I happened onto this. I was working on transporting some things, saw the containers, bought a couple of sizes . . . and the longest one evolved into this, and keeps doing it so well that it . . . keeps doing it. Highly recommended.

  3. Cat Bordhi

    Thanks, Deb – your system is so practical and sturdy and sensible. I shall have to obtain one of those containers, although at this point I have designed a really interesting compartmentalized spindle carrier. I do believe there would be room for a take-apart niddynoddy, too. Am traveling now, though, so have to wait to construct it.

  4. Eddie

    What a wonderful idea – it would work great for my tiny turkish spindle. I must get on to making one for myself. Brain is already spinning with ideas on how to do this!

  5. Deb Robson

    Eddie, you're right that this would be perfect for a Turkish spindle, too! Think of what you could pack into the tube with a Turkish spindle instead of a regular whorl. . . . I just really like my Maggie spindles (and several others, but the small Maggies travel especially well).

    Cat, I caught from your early comments that you are designing a compartmentalized carrier and I really, really want to see what you come up with. The idea of a take-apart niddy-noddy may be my contribution to your effort!

  6. Susan

    Brilliant!! I am heading right out to home depot! I have tried various things to transport spindles, all of them unsatisfactory. Even vaguely looked at the Golding Spindle travel case… but at $98. I could buy two spindles! Wonderful to meet you at Knit Camp UK… I was the one from Sitka who dragged my husband along. He survived!

  7. amyknitty

    Deb, I got a tube like that with a Blue Moon kit ages ago and have been using it as a travelling spindle case as well! Hadn’t thought about the niddy noddy, but I have a tiny Timbertops one that will fit! Thanks for the reminder…I have a trip coming up and definitely want to bring my spinning gear!

  8. Mandie

    That is such a great idea! I’ve broken more than a few spindles when taking them out and about that I’ve been looking for a rigid container just for this. I never thought to look at the hardware store.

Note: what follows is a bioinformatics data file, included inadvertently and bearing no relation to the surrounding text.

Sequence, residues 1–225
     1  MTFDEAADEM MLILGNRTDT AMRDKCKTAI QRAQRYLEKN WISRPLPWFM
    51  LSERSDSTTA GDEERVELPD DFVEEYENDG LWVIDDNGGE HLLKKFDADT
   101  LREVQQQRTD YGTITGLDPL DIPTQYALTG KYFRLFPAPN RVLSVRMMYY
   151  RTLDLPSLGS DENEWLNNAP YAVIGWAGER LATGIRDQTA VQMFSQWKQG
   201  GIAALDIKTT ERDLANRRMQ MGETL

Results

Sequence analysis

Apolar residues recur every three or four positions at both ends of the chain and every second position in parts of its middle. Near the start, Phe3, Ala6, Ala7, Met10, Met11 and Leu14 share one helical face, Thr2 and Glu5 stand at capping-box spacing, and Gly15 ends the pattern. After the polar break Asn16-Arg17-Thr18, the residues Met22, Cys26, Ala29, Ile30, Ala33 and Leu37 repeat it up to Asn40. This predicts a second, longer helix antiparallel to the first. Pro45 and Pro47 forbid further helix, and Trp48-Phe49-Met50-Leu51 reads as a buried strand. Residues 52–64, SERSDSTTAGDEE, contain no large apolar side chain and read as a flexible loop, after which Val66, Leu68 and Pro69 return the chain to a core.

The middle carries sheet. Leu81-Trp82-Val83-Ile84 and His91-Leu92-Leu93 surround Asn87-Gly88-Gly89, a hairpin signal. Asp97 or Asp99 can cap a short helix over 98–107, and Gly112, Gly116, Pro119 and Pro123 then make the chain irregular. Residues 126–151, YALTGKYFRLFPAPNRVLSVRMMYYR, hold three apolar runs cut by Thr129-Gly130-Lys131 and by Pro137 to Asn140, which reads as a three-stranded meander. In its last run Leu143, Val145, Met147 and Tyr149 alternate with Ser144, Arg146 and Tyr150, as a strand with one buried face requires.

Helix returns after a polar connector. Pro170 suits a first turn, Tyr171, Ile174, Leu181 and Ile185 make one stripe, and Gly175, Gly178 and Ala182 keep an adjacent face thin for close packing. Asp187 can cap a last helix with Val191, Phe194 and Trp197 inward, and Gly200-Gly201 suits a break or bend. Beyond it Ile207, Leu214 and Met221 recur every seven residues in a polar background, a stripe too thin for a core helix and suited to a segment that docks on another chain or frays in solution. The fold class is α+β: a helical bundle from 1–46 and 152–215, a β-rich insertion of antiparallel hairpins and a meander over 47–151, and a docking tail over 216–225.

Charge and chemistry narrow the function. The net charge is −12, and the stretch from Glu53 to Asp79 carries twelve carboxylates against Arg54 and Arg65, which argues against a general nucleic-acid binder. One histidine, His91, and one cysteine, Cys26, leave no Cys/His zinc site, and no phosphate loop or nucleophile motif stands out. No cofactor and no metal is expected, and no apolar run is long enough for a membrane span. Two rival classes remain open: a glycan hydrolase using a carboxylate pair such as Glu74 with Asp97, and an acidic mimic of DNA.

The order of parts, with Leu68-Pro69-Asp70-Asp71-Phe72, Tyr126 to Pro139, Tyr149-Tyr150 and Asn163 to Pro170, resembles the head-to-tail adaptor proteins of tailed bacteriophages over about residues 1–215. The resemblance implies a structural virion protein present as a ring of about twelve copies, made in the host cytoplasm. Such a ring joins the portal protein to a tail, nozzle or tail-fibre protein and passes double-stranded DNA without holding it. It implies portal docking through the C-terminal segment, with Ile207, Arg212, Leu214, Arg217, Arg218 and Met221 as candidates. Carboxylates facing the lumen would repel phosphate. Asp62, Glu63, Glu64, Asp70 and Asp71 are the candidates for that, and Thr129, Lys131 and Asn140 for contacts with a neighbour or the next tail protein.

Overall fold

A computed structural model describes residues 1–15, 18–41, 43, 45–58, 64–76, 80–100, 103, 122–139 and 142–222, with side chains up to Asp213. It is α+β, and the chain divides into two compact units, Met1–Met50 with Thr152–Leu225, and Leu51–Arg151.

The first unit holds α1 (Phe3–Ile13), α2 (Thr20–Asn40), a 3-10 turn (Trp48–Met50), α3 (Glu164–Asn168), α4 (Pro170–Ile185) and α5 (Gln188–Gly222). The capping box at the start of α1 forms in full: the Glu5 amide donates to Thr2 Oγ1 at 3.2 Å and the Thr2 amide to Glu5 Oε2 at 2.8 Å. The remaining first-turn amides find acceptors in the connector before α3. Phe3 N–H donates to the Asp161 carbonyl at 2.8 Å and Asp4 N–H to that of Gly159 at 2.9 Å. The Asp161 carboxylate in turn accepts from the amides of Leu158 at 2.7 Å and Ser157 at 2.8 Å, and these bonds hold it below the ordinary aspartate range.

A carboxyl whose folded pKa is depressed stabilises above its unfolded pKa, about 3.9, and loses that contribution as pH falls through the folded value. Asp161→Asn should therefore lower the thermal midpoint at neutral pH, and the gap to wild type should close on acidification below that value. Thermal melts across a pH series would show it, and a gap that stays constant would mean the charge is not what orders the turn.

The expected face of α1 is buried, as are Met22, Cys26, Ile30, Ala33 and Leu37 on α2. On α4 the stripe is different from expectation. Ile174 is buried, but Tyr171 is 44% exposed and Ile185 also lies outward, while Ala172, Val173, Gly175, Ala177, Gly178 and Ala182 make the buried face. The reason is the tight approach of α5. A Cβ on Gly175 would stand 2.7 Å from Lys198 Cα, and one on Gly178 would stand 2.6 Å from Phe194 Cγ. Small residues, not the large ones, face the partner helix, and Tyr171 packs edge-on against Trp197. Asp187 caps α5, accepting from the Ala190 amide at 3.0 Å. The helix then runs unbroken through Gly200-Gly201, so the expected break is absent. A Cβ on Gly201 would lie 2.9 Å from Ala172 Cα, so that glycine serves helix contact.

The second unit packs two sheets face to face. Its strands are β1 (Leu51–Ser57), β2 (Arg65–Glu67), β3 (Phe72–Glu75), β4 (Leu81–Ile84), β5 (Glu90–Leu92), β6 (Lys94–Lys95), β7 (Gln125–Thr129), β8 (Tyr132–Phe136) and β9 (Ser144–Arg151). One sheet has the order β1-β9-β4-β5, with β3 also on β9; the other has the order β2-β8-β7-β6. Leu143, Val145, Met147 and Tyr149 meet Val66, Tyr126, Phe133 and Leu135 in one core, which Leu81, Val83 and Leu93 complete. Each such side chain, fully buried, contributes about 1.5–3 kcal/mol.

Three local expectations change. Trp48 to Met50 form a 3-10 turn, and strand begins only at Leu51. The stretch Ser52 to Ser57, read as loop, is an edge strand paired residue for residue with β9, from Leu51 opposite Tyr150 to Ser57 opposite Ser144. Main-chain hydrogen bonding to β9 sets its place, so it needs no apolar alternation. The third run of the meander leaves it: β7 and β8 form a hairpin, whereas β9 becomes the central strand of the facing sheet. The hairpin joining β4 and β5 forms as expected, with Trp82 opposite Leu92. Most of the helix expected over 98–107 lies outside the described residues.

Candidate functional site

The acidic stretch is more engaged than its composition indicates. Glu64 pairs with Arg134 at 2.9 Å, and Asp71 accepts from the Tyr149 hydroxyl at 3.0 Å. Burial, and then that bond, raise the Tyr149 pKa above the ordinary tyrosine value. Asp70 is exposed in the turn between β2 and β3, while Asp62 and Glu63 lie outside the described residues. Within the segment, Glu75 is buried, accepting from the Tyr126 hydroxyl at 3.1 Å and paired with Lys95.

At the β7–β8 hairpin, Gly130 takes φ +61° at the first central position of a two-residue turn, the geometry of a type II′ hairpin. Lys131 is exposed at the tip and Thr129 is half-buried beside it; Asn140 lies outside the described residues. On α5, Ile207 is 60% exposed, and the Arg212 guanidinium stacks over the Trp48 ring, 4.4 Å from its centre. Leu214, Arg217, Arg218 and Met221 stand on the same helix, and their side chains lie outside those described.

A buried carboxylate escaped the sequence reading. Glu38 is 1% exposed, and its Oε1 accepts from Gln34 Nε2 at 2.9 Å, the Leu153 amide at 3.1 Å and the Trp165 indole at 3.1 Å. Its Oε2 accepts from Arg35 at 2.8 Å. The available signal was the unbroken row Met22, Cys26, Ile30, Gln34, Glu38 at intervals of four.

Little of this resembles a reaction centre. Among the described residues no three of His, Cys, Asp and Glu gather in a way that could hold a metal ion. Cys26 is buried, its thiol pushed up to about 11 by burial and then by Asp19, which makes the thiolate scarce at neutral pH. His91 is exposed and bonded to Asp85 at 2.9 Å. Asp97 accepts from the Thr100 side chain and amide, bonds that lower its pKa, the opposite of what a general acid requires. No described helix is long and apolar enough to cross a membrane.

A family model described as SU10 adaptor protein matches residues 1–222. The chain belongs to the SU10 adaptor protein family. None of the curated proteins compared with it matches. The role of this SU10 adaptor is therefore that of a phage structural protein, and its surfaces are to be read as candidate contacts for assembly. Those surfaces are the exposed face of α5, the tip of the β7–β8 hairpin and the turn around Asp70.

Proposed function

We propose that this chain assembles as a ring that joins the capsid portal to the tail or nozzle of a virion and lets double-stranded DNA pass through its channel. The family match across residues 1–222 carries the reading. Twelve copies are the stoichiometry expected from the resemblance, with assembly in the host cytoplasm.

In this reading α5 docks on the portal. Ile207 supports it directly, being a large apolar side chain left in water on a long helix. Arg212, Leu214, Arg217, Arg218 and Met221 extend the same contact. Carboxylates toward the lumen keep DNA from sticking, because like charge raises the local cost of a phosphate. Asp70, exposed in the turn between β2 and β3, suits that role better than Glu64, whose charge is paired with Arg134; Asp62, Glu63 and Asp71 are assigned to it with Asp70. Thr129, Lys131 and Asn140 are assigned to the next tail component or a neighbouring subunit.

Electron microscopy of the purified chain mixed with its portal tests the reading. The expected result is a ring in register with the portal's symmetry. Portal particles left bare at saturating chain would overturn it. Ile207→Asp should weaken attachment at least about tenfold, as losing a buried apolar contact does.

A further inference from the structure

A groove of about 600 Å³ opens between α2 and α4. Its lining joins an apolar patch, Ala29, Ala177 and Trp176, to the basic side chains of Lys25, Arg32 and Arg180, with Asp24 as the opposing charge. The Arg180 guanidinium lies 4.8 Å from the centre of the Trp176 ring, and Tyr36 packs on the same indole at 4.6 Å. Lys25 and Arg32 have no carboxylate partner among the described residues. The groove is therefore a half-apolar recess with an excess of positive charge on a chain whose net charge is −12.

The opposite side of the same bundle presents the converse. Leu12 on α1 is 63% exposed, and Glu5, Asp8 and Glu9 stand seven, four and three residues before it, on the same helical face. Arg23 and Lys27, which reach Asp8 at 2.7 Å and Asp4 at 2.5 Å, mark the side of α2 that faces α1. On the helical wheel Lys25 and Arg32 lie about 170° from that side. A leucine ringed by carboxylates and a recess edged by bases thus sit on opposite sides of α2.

9. helena

    i’ve seen noddys (noddies?) made from thin pvc pipe: 1 longish pipe (up to 1′) and 4 short ones (3-4″), plus 2 3-way connectors. dirt cheap, portable, disassemblable. most hardware stores will even cut the pipe for you (since you have to buy it in lengths of 8′ or 10′ or some absurdly long amount).

  10. Keesoo

    I must get one of those containers. What are they actually called? I can’t imagine that I will get good looks if I ask for the “spindle holder” @ Home Depot or the local hardware store ๐Ÿ˜‰ Thanks for sharing.

  11. Deborah Robson

    Susan, I remember the Sitka connection, and am glad your husband survived Knit Camp along with the rest of us!

    Amy, a Timbertops niddy would be a fine, fine thing to add to such a kit. Michael, I have a handful of Magpie’s Maggie spindles.

    Love to hear that folks are getting ideas for traveling with spindles. I’d like to hear more about everyone’s solutions. Two broken spindles (my number) were two too many.

    Keesoo, the container is officially described as “Crown Bolt clear can storage container, 2.75 x 8 inches.” Crown Bolt is a manufacturer. There may be other companies making these items.

  12. Puddytatpurr

    For those of us in the UK with no Home Depot:

    I use a Glenfiddich tube – I got it on freecycle (I don’t actually drink whiskey) and it’s slightly triangular in shape – I can fit a trindle, a drop spindle and a Spindolyn in one with fibre. It’s also long enough that it’ll comfortably hold a Russian Support Spindle!

  13. Deb Robson

    Great idea. Freecycle is super as a resource!

    My spindle package does, as I mentioned, fit into spaces within my luggage that I wouldn't think would accommodate a spindle kit. I'll be all packed and think there's no room for anything else and still be able to fit the tube in a corner. Did just that this very morning, yet again.